ARE OUR EXPECTATION OF LOVE REALISTIC?
It’s an interesting premise, which made Don Jon a very promising film. But just like it happened with the initial hopes of its characters, expectations did not meet reality for me. I understand this is Joseph Gordon-Levitt‘s first feature film, so we could simply be in the presence of his own directing style. If so, great – it just means that I don’t share his film aesthetics, which is perfectly normal and legitimate. But if we agree that Don Jon‘s structure was in need of some polishing, then there’s a solid base for my disappointment. Nonetheless, Don Jon stands as a pretty bold and confident directional debut that works to some extent, and will certainly have me keeping an eye on Levitt’s next work.
So there’s definitely something positive for us to hold on to: the cast does a pretty nice job conveying their respective characters, which makes for a enjoyable watch. Gordon-Levitt himself plays the leading character – a young jersey shore guy type, who takes care of his body, goes to church every week, enjoys going out with his friends as much as cleaning his home, and is addicted to porn. All he was missing was a good tan. Opposite him is Barbara (Scarlett Johansson), a very attractive woman who not only loves those cheesy romantic comedies, but also buys into every single thing they depict – and they are as unrealistic as the dirty videos Jon sees daily.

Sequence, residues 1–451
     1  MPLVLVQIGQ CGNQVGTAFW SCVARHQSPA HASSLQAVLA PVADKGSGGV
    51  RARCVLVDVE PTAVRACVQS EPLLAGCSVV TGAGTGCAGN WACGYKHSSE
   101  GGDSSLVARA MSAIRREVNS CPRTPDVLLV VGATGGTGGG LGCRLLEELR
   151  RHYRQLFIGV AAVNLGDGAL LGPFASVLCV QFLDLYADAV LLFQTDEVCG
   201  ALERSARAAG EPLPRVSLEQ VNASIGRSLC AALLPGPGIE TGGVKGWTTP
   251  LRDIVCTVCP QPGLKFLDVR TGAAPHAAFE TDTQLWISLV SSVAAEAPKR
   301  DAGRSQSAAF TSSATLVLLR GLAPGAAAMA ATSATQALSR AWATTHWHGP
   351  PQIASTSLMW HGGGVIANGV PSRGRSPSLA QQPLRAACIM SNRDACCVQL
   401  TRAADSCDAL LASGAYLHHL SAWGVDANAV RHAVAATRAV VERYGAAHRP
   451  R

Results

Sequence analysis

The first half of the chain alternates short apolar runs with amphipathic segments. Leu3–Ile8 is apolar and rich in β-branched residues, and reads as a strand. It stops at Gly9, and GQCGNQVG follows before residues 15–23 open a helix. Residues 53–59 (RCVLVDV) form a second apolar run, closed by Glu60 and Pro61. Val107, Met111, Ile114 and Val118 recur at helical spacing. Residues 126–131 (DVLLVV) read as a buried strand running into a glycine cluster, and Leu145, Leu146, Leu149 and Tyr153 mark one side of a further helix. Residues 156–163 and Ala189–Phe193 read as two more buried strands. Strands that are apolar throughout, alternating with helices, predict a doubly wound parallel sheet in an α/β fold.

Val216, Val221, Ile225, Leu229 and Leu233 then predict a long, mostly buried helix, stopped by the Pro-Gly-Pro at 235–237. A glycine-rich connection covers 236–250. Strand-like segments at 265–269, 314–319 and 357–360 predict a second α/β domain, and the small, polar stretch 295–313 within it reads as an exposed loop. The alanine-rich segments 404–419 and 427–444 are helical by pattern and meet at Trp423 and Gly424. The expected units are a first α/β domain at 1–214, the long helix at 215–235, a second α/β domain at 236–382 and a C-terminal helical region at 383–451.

There’s also Julianne Moore as Esther, a colleague from one of Jon’s night classes, who has issues of her own but is more much experienced at life, thus bringing Jon’s take on love a bit more down to earth. And then we have Tony Stanza as Jon’s father, who is a blast to watch, just like the mother, Glenne Headly. You would and can expect northing short of great from all of these.
It’s something to behold, but in the end it’s just not enough. Such a great starting point makes me crave for an incisive look on the questions it poses, and yet we’re left with an obvious conclusion (of course love and relationships are not what they expected, get a grip people), a rather cheap ending, and a disregard for Barbara’s fate that leaves me a bit mad: so Jon gets to find his way with the help of Esther, but Barbara, she stays the same delusional girl she was from the beginning. There’s zero growth for her, she’s painted in solid black and white, and somehow, that doesn’t seem fair. Perhaps I didn’t get the clever satire that a lot of people rave about, maybe I’m not seeing the greatness in Don Jon, but doesn’t all of it seem just a bit too shallow?
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